You probably never met Frank Ricci.

But I have and I did. He is among the thousand points of light that have illuminated my life. This is my salute to him. As you read this, I’m confident you may find some familiar tidbits that you didn’t expect to be there. I promise you, before you come to the end of this column, you’ll discover why.

Francesco “Frank” Ricci was born in the mountains south of Rome, Italy on February 10, 1935. He immigrated to America in 1959 after marrying his wife Teresa. Teresa DeAngelis grew up on Abbott Parkway in Blasdell, New York. I grew up on Abbott Parkway, only many years later.

I remember much about growing up on Abbott Parkway. On the other hand, I don’t Continue Reading “A Memory of Frank Ricci”

I’m Not a Dancer

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Dateline: October 27, 1979

Two conversation threads ran on our hour-long bus ride back. For some in the group, they gushed with overwhelming enthusiasm over having taken their first step in what they expected to be a life-long political career. For others, they gushed with overwhelming enthusiasm over having just discovered the girls’ college we were spending the evening at was hosting a Halloween party.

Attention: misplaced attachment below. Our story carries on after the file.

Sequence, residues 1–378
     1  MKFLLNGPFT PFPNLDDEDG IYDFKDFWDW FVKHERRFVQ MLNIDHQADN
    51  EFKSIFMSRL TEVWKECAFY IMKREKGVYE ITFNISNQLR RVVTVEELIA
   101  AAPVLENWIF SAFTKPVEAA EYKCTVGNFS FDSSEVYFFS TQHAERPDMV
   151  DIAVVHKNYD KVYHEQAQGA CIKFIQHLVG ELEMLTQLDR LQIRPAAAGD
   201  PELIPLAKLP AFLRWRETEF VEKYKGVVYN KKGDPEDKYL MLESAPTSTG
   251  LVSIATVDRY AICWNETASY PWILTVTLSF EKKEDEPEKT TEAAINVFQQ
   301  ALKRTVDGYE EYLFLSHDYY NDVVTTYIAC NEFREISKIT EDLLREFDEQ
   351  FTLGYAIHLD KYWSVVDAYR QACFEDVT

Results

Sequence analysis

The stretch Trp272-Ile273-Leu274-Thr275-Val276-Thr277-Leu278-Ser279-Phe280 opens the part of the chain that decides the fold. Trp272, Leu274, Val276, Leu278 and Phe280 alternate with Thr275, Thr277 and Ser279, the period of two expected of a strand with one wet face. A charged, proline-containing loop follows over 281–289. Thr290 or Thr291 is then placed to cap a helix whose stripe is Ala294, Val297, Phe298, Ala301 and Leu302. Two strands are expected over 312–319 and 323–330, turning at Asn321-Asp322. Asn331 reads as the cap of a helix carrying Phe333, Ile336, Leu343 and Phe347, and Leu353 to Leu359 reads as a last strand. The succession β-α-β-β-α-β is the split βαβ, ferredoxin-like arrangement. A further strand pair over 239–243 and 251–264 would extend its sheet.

I participated in neither discussion. Perhaps I was contemplating Bush’s anxiety. Perhaps I was mulling over my own insignificance. More likely, though, I was tired and wondering if Continue Reading “I’m Not a Dancer”

What’s in a (Middle) Name?

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Bart Starr passed away a few weeks ago. If you don’t know him, he was the quarterback of the Green Bay Packers during their glorious Vince Lombardi years when the Packers won the championship five out of seven years, including the first two Super Bowls. He was old time football. Perhaps not brilliant like Johnny Unitas, or as glamorous as Y.A. Tittle, or as athletic as Otto Graham, Bart Starr was workmanlike and effective. He was like the IBM of quarterbacks when IBM was the kind of company “no one would ever get fired for choosing.”

What you might not know about him is Bart Starr is the reason why I have the middle name I have.

Truth be told, Starr’s era had peaked by the time I Continue Reading “What’s in a (Middle) Name?”